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Credit Suisse Admits U.S. Putting on Pressure to Find Tax Cheaters
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On Friday, Credit Suisse admitted that the U.S. authorities have submitted a fresh request to the Swiss government for information on former clients of Credit Suisse bank, who are suspected of cheating U.S. taxes. The new attempt by U.S. comes after a previous attempt was blocked by a Swiss court.

U.S. and Switzerland have been in a diplomatic war for years over wealthy U.S. citizens using Swiss banks as a safe haven for black money. While the U.S. has been trying to get relevant information from Swiss banks, the laws of Switzerland have so far stonewalled its efforts.

The new request made by U.S. authorities was also confirmed by a spokesman for the Swiss Federal Tax Administration who said it had received such a request from U.S. authorities on July 9, but was not empowered to divulge further particulars. In the United States, eleven Swiss banks including Credit Suisse and Julius Baer are being investigated for helping U.S. citizens to cheat taxes.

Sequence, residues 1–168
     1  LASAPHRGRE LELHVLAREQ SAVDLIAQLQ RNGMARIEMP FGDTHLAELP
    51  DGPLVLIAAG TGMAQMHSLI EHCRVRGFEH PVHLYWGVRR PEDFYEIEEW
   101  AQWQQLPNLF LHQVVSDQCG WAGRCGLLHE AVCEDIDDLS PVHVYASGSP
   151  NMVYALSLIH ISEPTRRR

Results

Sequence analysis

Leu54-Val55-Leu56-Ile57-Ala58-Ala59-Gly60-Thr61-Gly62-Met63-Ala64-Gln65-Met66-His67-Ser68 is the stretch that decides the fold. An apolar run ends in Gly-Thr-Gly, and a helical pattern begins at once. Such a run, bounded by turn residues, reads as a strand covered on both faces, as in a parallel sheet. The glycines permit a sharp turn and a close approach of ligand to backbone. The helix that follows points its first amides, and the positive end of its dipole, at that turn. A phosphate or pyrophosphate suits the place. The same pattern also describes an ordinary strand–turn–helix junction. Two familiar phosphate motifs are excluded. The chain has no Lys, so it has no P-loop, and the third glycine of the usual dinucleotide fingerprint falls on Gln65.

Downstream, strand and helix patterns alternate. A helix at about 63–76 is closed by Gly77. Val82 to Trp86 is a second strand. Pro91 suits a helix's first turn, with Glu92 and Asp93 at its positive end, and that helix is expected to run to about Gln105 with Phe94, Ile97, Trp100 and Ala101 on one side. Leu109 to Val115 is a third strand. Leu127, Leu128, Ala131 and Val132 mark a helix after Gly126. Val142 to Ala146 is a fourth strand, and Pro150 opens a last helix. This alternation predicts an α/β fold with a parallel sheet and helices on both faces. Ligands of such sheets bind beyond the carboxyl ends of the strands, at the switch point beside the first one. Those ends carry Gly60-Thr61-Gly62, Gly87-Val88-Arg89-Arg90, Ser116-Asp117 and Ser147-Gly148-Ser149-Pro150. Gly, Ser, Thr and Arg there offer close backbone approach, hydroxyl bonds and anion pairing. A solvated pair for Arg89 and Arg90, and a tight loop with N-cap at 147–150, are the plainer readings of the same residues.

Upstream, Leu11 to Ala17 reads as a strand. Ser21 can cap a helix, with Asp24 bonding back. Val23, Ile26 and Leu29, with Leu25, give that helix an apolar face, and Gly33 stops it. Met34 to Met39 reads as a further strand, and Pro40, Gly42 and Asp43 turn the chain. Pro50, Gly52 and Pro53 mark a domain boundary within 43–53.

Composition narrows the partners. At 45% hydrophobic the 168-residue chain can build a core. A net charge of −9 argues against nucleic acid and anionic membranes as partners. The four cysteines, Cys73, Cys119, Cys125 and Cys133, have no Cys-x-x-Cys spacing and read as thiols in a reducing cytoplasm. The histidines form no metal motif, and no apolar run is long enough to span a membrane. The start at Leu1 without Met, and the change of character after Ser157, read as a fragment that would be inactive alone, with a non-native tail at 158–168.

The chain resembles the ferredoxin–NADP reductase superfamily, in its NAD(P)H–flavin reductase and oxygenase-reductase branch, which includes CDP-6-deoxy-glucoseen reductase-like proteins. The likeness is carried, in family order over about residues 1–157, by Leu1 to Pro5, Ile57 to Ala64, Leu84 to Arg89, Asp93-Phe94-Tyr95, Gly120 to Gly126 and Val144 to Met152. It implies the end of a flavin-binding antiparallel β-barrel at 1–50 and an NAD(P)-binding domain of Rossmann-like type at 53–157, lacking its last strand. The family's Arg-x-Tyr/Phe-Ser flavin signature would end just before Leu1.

Credit Suisse distanced itself from the affair by excluding current clients and the spokesman said on the request, “I can confirm that it concerns former clients.”

Switzerland has traditionally believed in neutrality and much of its economy is empowered by money placed by foreigners in its banks. The Swiss government is trying actively to control the damage and trying to have the investigations dropped in return for the payment of fines and the transfer of U.S. client names. According to media sources, the Swiss government is also seeking a deal to protect the rest of its 300 banks from U.S. prosecution.

In an attempt to avoid a repeat of legal wrangles blocking a quick new deal, the Swiss parliament has approved a plan in February that would allow U.S. officials to request information on suspected tax cheats based solely on their behavior, rather than on bank account number.

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In 2009, the UBS had agreed to hand over the names of more than 4000 of its account holders to the U.S. authorities and pay a $780 million file to settle criminal charges of helping U.S. citizens to dodge taxes.




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